The Best Activities for the Tactile System

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The tactile system is often the most commonly recognized sensory system of the body. It is also the one people notice most often if a child has an overactive or under-active tactile system. Anything you touch or feel is part of this system. Today I want to share some of the best activities for the tactile system. These will be especially helpful if your child is over-sensitive or under-responsive to tactile input.

little girl finger painting on white paper. A green shaded box with the words The Best Activities for The Tactile System are at the top of the picture.

What is the Tactile System?

The tactile system is also known as the sense of touch. The input from this system comes from the skin. The sensory receptors in our skin send messages to our central nervous system so that we are able to process and interpret this incoming information. This includes temperature, texture, pain, pressure, and traction. Is the item safe to touch? What does it feel like?

Keep in mind that Touch can fall under protective or discriminatory categories of sensations. Protective sensations allow you to realize when something is sharp or hot and not to touch it. Discriminatory sensations allow you to tell the difference between objects based on how they feel. This includes being able to reach into a bag and find your phone based solely on how it feels. Your past tactile sensory experiences allow your brain to figure out what you are feeling without seeing it.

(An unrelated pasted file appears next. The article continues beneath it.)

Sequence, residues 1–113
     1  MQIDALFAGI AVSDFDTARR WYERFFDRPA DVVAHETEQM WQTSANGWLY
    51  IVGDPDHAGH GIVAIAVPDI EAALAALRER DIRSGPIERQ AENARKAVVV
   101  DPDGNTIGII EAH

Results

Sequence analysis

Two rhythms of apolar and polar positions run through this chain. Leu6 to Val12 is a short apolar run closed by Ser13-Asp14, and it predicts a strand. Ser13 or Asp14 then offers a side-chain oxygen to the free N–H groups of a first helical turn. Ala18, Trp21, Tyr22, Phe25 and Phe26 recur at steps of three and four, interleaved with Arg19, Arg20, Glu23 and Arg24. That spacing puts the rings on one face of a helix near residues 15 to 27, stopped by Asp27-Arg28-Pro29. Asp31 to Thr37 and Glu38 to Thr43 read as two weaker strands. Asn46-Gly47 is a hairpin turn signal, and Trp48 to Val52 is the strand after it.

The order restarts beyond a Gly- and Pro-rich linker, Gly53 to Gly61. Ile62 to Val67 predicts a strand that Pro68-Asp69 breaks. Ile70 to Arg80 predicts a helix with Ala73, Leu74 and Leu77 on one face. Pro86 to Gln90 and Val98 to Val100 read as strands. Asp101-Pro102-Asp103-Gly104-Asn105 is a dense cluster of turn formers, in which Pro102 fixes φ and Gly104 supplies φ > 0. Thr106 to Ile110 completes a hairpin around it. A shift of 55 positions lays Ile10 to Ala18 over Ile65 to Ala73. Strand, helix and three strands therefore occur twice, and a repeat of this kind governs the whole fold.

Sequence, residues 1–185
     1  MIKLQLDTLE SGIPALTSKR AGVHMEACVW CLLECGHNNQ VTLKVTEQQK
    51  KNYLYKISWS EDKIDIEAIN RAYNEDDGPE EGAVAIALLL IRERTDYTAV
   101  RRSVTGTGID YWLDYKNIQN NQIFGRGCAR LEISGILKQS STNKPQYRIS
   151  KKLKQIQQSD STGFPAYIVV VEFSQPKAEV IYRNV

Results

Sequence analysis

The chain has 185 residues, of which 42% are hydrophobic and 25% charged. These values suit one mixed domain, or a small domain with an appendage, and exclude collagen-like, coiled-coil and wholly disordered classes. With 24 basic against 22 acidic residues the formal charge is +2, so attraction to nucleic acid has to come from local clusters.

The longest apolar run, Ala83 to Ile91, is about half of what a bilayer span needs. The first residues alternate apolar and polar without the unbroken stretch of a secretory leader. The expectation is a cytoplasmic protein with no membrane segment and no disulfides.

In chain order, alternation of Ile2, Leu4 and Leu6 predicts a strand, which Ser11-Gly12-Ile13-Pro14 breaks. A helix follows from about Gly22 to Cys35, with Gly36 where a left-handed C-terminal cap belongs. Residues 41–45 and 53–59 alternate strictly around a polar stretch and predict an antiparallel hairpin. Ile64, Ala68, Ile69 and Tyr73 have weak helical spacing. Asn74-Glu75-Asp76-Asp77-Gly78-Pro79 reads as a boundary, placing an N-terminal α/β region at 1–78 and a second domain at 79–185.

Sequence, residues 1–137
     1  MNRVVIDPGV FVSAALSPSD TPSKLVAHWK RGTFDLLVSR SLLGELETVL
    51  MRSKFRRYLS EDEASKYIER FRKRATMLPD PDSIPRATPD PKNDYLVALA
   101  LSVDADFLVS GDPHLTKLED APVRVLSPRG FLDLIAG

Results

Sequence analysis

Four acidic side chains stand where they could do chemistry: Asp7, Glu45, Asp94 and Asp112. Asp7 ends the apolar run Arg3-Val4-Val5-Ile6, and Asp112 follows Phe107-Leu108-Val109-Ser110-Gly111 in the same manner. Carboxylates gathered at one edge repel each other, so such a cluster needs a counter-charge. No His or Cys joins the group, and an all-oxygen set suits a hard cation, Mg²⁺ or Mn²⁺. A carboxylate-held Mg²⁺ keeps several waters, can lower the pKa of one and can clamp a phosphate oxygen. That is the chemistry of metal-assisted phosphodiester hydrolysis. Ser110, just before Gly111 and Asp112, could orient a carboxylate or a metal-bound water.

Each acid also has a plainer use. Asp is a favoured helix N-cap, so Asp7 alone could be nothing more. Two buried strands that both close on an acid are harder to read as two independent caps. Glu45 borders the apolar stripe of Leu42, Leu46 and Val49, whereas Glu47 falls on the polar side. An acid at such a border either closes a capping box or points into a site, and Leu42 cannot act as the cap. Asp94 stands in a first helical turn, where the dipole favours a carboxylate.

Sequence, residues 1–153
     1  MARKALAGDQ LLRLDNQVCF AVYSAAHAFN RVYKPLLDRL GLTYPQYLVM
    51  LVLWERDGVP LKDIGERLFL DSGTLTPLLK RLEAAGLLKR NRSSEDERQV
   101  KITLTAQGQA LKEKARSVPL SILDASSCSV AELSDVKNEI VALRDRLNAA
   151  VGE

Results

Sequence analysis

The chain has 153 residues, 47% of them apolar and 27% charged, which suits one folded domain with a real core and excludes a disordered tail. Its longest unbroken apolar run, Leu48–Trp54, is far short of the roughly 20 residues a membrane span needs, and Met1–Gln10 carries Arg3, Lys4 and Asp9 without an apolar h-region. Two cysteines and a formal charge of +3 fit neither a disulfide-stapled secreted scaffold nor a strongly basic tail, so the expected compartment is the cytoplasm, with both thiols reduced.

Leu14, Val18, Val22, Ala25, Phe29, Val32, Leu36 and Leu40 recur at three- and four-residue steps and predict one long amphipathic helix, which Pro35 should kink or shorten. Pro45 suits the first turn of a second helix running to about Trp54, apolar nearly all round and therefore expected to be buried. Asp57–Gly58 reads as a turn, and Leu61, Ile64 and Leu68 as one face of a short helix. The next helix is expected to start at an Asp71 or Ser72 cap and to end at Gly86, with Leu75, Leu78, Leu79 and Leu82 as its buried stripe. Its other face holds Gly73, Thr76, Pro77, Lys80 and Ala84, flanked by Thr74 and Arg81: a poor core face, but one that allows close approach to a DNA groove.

Symptoms of Tactile Sensitivities

Symptoms of tactile sensitivity (hyper, hypo, and under-responsive) include:

  • avoids messy hands, face, or just mess in general
  • has difficulty with certain clothing items such as tags
  • needs to touch everything (brushing along walls while walking, picking up everything)
  • the need to fidget in order to focus or when bored
  • avoids hugs or physical contact with others
  • unaware of pain or if hands or face are messy
  • may crave being close to people or need to be touching something constantly
  • seem unaware of dangerous items that may cause pain or injury
  • may be unaware if something hurts (high pain threshold)

Activities for the Tactile System

There are many other activities you can do, but these are some of my favorite.

|| Sensory Bins with Various Textures

Sensory bins are a great way to introduce children to a variety of textures in a fun way. Here are some of my favorite sensory bins.

Universe Sensory Bin

Dinosaur Sensory Bin

Spring & Summer Sensory Bins from Teaching Mama

Insect Sensory Bin from Teaching Mama

100+ Sensory Bin Ideas from The Chaos And The Clutter

|| Use a Weighted Blanket or Lap Pad

You can read all about weighted blankets in this post from my friend Cara, an Occupational Therapist. I also have a DIY Lap Pad tutorial here.

|| Play with Playdough or Finger Painting

You can make your own calming no-cook play dough recipe or finger paint! If your child struggles with touching the finger paint, put it inside a plastic bag and tape it shut. You can find more details on this activity by clicking here to this Tummy Time Finger Paint Sensory Play post from CanDo Kiddo. This post talks about using it with babies, but any child can benefit from tummy time while finger painting this way.

|| Deep Pressure 

Proprioception is another one of the 8 senses that is closely connected to the tactile system. Deep pressure either by rolling an exercise ball across the back or squeezing the hands can help get this input and help to desensitize the tactile system.

|| Using a Stress Ball 

Stress balls are a great way to get some additional tactile input and also make great fidget tools.

Sensory Processing Explained: A Handbook for Parents and Educators.

|| Shaving Cream Finger Paint 

This was one of my favorites to use while I was working in the schools and with my own children. They can write their names, copy shapes or letters/numbers. The possibilities are endless with this one.

|| Play in the Mud